Our new Survivor Ambassador programme is designed to empower survivors to speak out and have a voice.
The experiences of our Survivor Ambassadors will add impact to our campaigns, help us to raise awareness of domestic abuse, and improve the support that Women’s Aid, and our member services, provide for survivors.
Through our Ambassadors’ experience, dedication, and passion, they will help us to ensure survivors’ are listened to, believed, and that responding to their needs is at the heart of everything we do.
Becky O’Brien, Survivor Ambassador
Becky O’Brien is a singer and a mum of five, who was a semi-finalist in this year’s Britain’s Got Talent and has used this platform to speak publicly about her experience as a survivor of domestic violence.
Becky spoke at the Women’s Aid National Conference in 2015, sharing her own experiences and highlighting the importance of educating young people about healthy relationships.
Mandy Thomas, Survivor Ambassador
Mandy Thomas is an author, poet, artist, photographer and survivor of domestic abuse. Mandy and her family accessed a number of refuges within the Women’s Aid national network.
Mandy says: “For me, having a network of refuges to go to was the difference between life and death. Domestic violence is not a one off event, it’s mental and physical torture that in many cases carries on for life, even once you have left the relationship. Without Women’s Aid, I would not be here today.”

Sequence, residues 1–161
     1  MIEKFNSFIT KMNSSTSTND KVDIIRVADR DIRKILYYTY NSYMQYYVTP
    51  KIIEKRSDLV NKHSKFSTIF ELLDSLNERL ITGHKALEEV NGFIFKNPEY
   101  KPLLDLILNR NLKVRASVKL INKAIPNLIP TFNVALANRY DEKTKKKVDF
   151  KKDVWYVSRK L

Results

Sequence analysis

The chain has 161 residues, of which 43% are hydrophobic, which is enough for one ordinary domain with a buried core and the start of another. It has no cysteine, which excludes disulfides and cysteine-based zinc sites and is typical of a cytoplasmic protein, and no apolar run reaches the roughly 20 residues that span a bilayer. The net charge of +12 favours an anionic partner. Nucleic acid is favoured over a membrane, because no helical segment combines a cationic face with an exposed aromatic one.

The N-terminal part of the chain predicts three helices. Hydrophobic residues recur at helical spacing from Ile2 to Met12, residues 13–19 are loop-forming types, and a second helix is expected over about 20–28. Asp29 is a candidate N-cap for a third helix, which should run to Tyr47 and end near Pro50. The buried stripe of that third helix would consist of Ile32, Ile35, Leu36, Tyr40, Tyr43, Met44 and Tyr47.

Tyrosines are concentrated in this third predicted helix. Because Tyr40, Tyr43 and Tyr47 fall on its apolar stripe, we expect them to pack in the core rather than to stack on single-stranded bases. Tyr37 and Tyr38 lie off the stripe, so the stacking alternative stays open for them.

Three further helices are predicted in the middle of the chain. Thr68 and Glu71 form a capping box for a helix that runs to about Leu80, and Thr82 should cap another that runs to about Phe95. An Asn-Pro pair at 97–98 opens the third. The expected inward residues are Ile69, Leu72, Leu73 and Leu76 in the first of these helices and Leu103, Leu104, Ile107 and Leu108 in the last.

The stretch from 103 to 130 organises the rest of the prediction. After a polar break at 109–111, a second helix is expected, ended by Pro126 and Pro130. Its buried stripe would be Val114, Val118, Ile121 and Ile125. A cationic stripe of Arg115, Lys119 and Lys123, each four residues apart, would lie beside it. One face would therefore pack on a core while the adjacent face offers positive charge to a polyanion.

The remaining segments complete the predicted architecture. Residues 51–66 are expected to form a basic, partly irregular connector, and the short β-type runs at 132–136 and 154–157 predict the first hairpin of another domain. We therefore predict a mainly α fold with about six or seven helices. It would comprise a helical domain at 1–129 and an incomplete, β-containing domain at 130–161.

Mandy has been campaigning and raising money for Women’s Aid since 2012 and is a regular speaker at our events.
Today, she continues to raise awareness and her book, You Can’t Run, is a memoir of her own experiences of domestic abuse which she hope will help others in their fight.
Sadi Khan, Survivor Ambassador
Sadi Khan is a survivor of domestic violence and winner of the 2011 Women’s Aid & Avon’s Woman of the Year award.
Sadi, a British-born Kashmiri woman, suffered psychological and physical abuse for five years following her arranged marriage at the age of 19. She found the courage to divorce her husband and is now an independent businesswoman.
Sadi is the founder of Noble Khan, a cultural awareness training centre. “It [the award] made me acknowledge my hardship, face it and be proud that I survived”.